Doug Baldwin and Golden Tate have publicly voiced their displeasure in recent weeks about the moniker that many pundits have bestowed upon the Seahawks receiving corps: average. The truth is, with the injury to Sidney Rice, the receiving crew is well below average in at least one important way; they are shorter than just about any group of receivers in the NFL. Take the top one-hundred receivers in the NFL this year, based on receiving yards or receiving touchdowns, and their average height is 6’1″. Limit it to the top twenty, and the average height rises to 6’2″ and a weight of 211 pounds. The Seahawks have one active receiver that even meets that average of 6’2″ and 211 pounds, Ricardo Lockette, and he happens to be at the bottom of the depth chart. In league where receivers and cornerbacks are getting taller and heavier, the Seahawks have once again charted an unconventional path to extraordinary results.
Pete Carroll loves to defy convention. He revels in it. But he has made no secret of his preference for tall receivers. One of the first players he brought in to help the Seahawks receiving corps in 2010 was his old behemoth, Mike Williams, all 6’5″ of him. Then he and John Schneider opened up their pocket books for 6’4″ Sidney Rice in free agency. Even when Rice recently was lost for the season, it was apparent how conflicted Carroll was about shifting the diminutive Baldwin into the vacant flanker spot on the outside. All Baldwin has done since getting that opportunity is catch 13 passes for 214 yards for a 16.5 average per reception and 2 touchdowns. If he were to maintain that pace for a full 16-game season, he would have 69 receptions for 1,141 yards and 11 TDs. People are just now realizing the proper comparison for Baldwin is not to Bobby Engram, but to Victor Cruz, and Baldwin’s numbers imply he may be the better of the two players.
In Baldwin’s two healthy seasons he has averaged 15.5 and 16.3 yards per catch. Cruz has only one season over 14.2 yards per catch. Baldwin has been incorrectly classified as a possession slot receiver where Cruz is thought of as the deep threat. The numbers do not support that perception.
Cruz has 65 explosive receptions (defined as 16+ yards) in his three years. That means 29% of his catches are of the explosive variety. That is nearly 1-in-3. Impressive. Take Baldwin’s two healthy years in 2011 and 2013. He has 36 explosive receptions in those two seasons out of 87 total catches. That means 41% of his catches have been of the explosive variety. Perception? Meet reality.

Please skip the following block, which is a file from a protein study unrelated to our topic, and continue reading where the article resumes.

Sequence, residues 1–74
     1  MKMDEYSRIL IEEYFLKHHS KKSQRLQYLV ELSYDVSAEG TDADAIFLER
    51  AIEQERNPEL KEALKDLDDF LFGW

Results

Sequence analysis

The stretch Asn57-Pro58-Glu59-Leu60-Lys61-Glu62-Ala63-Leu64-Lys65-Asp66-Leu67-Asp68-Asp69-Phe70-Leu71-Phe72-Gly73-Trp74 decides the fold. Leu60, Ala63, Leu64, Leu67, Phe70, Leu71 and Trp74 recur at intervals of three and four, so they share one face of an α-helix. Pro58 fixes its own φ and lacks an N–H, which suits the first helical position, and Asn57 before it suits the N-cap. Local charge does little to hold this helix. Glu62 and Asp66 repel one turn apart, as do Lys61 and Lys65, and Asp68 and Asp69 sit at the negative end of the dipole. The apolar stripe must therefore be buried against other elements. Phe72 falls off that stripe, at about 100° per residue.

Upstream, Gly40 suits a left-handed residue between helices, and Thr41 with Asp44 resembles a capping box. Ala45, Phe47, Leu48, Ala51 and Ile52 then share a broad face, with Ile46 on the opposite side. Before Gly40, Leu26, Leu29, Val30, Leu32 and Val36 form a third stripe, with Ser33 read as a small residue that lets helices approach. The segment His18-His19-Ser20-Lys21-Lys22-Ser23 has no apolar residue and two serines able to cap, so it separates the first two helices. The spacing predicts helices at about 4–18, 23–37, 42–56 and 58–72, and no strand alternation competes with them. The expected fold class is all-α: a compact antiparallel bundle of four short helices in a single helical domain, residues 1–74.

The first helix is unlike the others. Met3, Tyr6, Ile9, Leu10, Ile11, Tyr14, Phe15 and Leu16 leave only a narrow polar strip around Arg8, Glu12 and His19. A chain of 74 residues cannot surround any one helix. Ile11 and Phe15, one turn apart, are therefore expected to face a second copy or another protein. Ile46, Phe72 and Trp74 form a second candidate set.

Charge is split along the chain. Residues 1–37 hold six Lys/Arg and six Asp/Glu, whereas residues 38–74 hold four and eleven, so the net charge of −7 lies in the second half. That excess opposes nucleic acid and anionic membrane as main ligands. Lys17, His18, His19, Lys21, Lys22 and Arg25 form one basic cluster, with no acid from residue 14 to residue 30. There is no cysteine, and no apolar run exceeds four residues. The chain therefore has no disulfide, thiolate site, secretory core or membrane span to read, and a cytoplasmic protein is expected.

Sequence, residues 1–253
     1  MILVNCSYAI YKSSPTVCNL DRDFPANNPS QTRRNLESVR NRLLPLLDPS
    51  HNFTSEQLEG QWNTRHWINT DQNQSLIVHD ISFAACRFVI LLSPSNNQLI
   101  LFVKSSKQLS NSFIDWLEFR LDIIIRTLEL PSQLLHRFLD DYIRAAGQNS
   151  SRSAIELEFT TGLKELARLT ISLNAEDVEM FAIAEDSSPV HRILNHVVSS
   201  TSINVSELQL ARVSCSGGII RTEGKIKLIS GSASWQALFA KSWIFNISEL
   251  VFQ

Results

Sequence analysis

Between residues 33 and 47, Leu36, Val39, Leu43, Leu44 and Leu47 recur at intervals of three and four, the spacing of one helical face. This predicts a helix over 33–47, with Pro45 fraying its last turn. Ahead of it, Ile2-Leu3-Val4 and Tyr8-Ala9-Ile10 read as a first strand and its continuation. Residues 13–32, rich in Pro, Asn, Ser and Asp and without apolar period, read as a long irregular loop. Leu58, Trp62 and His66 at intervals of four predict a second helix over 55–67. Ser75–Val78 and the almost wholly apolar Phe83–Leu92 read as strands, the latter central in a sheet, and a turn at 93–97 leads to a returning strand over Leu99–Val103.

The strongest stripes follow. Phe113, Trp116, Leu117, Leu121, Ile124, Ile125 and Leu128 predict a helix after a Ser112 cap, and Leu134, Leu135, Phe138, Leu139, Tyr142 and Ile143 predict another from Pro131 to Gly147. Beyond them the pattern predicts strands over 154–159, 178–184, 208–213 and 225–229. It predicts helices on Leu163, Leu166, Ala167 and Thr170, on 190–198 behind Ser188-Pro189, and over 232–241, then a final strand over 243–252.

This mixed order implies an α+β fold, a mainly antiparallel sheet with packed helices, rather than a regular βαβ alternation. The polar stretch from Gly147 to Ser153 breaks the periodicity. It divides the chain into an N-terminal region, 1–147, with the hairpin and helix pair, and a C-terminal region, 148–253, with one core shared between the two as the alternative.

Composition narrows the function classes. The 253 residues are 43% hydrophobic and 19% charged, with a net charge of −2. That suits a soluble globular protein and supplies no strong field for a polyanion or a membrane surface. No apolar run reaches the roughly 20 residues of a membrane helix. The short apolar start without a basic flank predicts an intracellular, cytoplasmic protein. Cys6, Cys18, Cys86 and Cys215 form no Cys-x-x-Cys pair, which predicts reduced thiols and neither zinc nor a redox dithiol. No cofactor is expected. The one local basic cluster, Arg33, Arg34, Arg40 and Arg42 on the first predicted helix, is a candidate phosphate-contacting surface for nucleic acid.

Golden Tate checks in at 5’10”, just like Baldwin, but he brings over 200 pounds of punishment with him. No receiver in the NFL has broken more tackles (29) the past two seasons than Tate, according to Pro Football Focus. He leads the NFL in yards after catch per reception at 8.7. That equals the number another mini-Seahawks receiver, Percy Harvin, posted during an MVP-type season last year. If all the short Seahawks receivers were Smurfs, Tate would have to be Playmaker Smurf (Baldwin would likely be Grumpy Smurf). Tate does not just take short passes and break tackles. He specializes in the deep ball.
Only eleven receivers in the NFL have caught more passes of 40+ yards in the last two seasons than Tate. Only three players, Torrey Smith, T.Y. Hilton and A.J. Green have caught more 40+ yard catches as a percentage of their total receptions the last two seasons (min 85 receptions).
Jermaine Kearse is the second of three undrafted free agents in the Seahawks receiving room. All Kearse has done is lead the NFL in percentage of catches resulting in a touchdown (min 10 receptions). Nearly 31% of the time Kearse touches the ball, Steven Hauschka is trotting on the field after to him for a PAT. And these are not little slant routes or fades from five-yards out. Three of Kearse’s 13 receptions have been over 20 yards, and all were for touchdowns. Football Outsiders does advanced statistics that include measuring the efficiency and effectiveness of receivers that are outside the spotlight, and have been targeted less than 34 times to this point in the year. Kearse sits atop that list. His teammate, Baldwin, ranks #4 in the NFL in value per play as a receiver, and #9 in overall receiver value, ahead of names like Dez Bryant, Brandon Marshall and Torrey Smith.
These three players have been called average by many. They have been doubted and blamed even within the Seahawks fan base. As they welcome in yet another sub-six-foot dynamo, it is time to recognize this group for being anything but average. They have won games for this team this season. They will win more down the line. A franchise that has seen the like of Steve Largent, Brian Blades, and Joey Galloway may be witnessing the best performance by a wide receiver group in Seahawks history. No collection of players has done more with the opportunities given than these guys. The story line from here on out will be that Percy Harvin elevated this group of receivers. The truth is that they are already great, and are about to get a whole lot better.